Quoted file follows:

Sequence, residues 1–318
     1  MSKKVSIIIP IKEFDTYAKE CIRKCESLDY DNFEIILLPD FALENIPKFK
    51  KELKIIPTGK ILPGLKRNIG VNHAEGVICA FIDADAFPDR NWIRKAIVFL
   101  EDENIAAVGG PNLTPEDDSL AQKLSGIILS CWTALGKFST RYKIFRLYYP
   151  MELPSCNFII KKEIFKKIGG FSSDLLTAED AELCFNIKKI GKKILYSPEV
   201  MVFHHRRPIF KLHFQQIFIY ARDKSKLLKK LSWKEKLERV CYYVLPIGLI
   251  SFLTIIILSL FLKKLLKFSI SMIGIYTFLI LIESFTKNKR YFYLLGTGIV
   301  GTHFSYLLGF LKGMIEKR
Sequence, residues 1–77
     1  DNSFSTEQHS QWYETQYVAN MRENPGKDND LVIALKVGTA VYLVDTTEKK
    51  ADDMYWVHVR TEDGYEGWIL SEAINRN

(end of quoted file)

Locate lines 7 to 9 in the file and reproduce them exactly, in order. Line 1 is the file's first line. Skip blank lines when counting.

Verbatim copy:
   251  SFLTIIILSL FLKKLLKFSI SMIGIYTFLI LIESFTKNKR YFYLLGTGIV
   301  GTHFSYLLGF LKGMIEKR
Sequence, residues 1–77